What do we look for when we meet someone for the first time? Apparently, research tells us that we make fairly instant judgements about new people. For example, research around job interviews suggests that decisions are often formed in the first few minutes, sometimes even before we have had the chance to sit down.
Apparently, we don’t make decisions on each individual’s unique style or personality. Instead, research by Harvard psychologist Amy Cuddy suggests that we quickly check out two important characteristics when we first suss someone out. The main two questions we appear to be asking are, “How much can I respect this person?” and “How much can I trust them?” Psychologists call these aspects ‘competence’ and ‘warmth’. When we gauge a person’s competence we are judging how intelligent, powerful, skilful or strong they are. The warmth aspect is self-explanatory – it’s about how much we feel safe and positive in their presence.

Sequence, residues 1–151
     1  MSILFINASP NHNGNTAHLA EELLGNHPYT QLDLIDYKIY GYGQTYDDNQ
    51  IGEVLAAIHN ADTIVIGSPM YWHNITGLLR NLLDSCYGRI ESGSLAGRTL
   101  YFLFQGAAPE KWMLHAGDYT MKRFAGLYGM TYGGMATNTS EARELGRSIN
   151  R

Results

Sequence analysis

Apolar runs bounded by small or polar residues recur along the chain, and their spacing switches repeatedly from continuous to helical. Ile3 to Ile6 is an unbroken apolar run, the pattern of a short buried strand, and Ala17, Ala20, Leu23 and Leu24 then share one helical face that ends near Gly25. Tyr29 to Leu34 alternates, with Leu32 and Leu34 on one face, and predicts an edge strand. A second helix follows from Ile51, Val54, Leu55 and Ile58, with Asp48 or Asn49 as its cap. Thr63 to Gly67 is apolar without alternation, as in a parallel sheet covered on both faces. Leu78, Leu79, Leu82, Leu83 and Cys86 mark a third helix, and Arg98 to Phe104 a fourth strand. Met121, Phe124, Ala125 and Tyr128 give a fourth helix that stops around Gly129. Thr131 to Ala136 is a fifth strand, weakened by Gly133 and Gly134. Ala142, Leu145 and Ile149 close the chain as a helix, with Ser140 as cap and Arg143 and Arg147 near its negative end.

In a business setting many people try to emphasise their competence. So, naturally, they want to appear bright, skilful and able to do the job. However, the warmth dimension can be a more powerful influence in forming first impressions. From an evolutionary perspective it would be wiser to assess whether a stranger was friendly before we found out how good they were with a knife.
We can influence how warm we are perceived by initially not going in to a new situation and begin by talking about ourselves and what we can do. Instead, we should take time to hold back and genuinely listen to people we meet. Finding an area of common ground can also be a powerful ice-breaker. Our personal warmth can often be a more important factor than our competence in the impressions we create with others.
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